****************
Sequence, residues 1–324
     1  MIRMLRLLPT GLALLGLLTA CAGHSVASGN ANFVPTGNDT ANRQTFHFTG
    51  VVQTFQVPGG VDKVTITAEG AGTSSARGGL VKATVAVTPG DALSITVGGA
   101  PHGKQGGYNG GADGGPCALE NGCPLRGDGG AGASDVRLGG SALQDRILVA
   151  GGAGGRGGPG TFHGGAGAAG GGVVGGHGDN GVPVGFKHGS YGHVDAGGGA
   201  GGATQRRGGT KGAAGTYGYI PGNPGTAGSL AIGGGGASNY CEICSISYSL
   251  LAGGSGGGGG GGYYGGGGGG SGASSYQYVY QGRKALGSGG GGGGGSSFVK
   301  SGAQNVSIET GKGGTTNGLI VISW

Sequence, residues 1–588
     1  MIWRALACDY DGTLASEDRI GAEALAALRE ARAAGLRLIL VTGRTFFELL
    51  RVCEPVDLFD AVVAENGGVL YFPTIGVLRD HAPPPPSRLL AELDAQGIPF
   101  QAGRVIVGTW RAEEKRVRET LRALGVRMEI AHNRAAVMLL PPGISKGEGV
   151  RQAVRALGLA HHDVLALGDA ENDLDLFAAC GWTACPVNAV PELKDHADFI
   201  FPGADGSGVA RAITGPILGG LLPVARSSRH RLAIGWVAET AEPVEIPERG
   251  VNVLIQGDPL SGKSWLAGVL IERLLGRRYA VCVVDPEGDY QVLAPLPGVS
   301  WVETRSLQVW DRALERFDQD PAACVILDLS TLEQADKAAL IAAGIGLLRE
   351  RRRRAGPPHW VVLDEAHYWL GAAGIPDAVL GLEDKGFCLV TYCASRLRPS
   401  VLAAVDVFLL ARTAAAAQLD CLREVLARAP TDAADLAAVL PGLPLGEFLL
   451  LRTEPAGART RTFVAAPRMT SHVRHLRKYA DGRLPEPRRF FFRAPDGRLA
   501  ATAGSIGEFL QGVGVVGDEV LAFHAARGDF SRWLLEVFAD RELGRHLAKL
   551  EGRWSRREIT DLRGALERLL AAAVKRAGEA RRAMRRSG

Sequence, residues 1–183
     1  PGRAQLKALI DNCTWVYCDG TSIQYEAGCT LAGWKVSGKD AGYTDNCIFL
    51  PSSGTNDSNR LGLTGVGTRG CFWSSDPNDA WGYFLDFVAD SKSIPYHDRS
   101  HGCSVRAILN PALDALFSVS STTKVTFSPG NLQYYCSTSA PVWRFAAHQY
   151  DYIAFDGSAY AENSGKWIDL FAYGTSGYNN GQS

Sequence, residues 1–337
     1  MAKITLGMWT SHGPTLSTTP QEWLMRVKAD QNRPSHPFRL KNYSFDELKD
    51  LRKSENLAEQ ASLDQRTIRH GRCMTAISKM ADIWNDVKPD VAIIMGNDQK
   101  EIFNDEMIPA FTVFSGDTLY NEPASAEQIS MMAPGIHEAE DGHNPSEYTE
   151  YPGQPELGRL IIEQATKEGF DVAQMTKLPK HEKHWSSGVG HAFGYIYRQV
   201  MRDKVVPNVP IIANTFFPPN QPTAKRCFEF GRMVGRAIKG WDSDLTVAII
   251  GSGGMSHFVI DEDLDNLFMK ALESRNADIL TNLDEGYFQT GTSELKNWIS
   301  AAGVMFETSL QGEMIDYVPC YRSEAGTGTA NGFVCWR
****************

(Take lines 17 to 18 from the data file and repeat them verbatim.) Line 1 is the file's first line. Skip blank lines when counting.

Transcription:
   351  RRRRAGPPHW VVLDEAHYWL GAAGIPDAVL GLEDKGFCLV TYCASRLRPS
   401  VLAAVDVFLL ARTAAAAQLD CLREVLARAP TDAADLAAVL PGLPLGEFLL